When he returned to his job in Le Havre, Sartre became depressive. He was extremely ambitious and was concerned, at the age of 30, that he would spend the rest of his days as an obscure philosophy teacher. He didn't like teaching and at least once had called an entire class stupid to their faces. De Beauvoir, though only 27 in 1935, was more worried about her age. Sartre was interested in dreams, and a medical friend recommended that he take mescaline in a controlled setting. Most people had found the experience pleasant, but Sartre had a classic bad trip: "umbrellas had become vultures, shoes turned into skeletons, and faces acquired monstrous characteristics, while behind him, just past the corner of his eye, swarmed crabs and polyps and grimacing Things." Although the effects of the drug quickly wore off, Sartre continued to experience hallucinations for months. It became a joke with de Beauvoir that he thought that he was being followed by a lobster. However, this was a serious episode of depression that took time to dissipate.

At the time their friends included Marco, a gay teacher and earlier acquaintance of Sartre who wanted to be an opera singer, Olga, who had been a student of de Beauvoir, and Jacques Bost, who had been a student of Sartre. Marco would dream up elaborate deceptions for fun, and once even Sartre and de Beauvoir participated. Olga was the daughter of a White Russian émigré and was being pressured by her parents to study subjects in which she had no interest. Bost was a good-looking, intelligent young man who appealed to both Sartre and de Beauvoir. Before long, Sartre got into a relationship with Olga, which did not exclude de Beauvoir, and they tried for a while, unsuccessfully, to live as three. Marco fell in love with Bost, who was not gay and rejected him. De Beauvoir had an affair with Bost. In the end, Sartre and Olga broke up, and Olga later married Bost. Perhaps out of discretion, de Beauvoir leaves out most of the details of what transpired, but she made use of the triad for her first published novel, She Came to Stay.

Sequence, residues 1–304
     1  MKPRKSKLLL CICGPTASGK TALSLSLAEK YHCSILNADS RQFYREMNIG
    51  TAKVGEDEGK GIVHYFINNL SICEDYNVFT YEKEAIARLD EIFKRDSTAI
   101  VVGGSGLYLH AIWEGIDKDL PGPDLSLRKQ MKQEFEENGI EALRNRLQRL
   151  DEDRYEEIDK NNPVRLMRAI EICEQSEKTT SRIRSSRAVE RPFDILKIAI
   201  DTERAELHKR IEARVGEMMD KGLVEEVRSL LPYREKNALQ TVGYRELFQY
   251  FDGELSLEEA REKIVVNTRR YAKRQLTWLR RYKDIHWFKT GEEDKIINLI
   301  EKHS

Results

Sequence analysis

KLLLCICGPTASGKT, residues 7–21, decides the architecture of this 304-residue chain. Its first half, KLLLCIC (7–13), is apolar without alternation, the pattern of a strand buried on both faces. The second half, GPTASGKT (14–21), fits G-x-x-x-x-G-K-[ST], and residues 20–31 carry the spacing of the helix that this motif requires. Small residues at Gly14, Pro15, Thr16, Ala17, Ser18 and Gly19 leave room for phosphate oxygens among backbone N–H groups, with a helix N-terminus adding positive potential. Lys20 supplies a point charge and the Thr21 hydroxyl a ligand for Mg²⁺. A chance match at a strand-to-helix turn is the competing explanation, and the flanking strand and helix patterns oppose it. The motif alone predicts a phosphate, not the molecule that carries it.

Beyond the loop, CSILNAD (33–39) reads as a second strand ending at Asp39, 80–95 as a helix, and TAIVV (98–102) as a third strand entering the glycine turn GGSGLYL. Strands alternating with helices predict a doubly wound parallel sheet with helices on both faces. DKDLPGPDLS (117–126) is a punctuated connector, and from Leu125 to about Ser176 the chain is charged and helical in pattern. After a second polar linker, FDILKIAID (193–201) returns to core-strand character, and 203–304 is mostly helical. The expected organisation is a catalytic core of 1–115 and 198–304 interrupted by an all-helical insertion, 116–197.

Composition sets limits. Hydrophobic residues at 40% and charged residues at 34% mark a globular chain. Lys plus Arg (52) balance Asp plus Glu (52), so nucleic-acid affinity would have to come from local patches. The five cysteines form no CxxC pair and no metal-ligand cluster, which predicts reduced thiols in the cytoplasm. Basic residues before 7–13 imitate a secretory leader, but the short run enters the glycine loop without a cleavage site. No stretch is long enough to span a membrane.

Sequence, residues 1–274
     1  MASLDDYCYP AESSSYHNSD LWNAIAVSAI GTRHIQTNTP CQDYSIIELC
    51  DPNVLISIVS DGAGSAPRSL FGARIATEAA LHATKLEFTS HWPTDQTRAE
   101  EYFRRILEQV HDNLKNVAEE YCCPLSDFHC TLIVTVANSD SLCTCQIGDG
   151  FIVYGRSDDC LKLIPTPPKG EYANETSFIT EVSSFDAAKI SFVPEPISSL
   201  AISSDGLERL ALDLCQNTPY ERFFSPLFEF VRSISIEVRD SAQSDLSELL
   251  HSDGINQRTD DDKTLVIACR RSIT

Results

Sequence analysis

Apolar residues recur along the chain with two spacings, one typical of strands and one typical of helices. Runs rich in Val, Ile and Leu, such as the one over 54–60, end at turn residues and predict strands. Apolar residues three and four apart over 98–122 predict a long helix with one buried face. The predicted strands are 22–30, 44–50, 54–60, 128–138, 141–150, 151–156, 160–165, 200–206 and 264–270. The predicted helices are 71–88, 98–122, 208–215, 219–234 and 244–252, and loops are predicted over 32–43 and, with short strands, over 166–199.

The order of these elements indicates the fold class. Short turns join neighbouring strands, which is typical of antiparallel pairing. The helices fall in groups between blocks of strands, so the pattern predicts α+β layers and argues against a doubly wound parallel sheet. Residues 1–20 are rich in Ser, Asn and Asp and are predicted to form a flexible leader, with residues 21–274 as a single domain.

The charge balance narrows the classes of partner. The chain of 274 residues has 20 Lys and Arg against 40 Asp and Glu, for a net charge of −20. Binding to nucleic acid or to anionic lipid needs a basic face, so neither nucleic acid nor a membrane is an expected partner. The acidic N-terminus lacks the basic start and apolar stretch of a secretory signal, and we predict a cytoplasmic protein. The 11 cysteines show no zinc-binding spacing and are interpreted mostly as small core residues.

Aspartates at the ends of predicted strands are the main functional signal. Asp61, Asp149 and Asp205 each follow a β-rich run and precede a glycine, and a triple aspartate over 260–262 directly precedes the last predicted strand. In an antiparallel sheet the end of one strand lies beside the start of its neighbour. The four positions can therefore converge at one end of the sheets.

There was considerable controversy in de Beauvoir's life, and some of it began with Olga. Olga was the first of several young women whom she introduced to Sartre, and, depending on what you read, she was either an emancipated thinker or a pedophile-enabler who procured girls for Sartre's sexual gratification. I am reluctant to dig into this because it is time-consuming enough to read de Beauvoir's version and I am fairly confident that she would not be completely callous in these matters. What concerns me more is the possibility that de Beauvoir intentionally staged her life events, including her relationships, in order to generate material for her fiction. That seemed to be the case in her relationship with Nelson Algren as portrayed in The Mandarins. If I don't tire of reading her memoirs, that topic should come up in the next volume, which covers that period. She obviously had a formidable intellect, but I could hardly approve of her as a person if she intentionally toyed with people's lives in the interest of her personal success.

An aspect of writing fiction that you don't hear much about is the difficulty that writers face in coming up with fresh material. That can't be taught in writing programs, and this explains why, in the present day, the vacuous students who attend creative writing programs tend to produce interesting word usage more often than astute observations of any kind. De Beauvoir, for her part, knew her limitations as a writer and was intelligent enough to find a solution that worked in her case.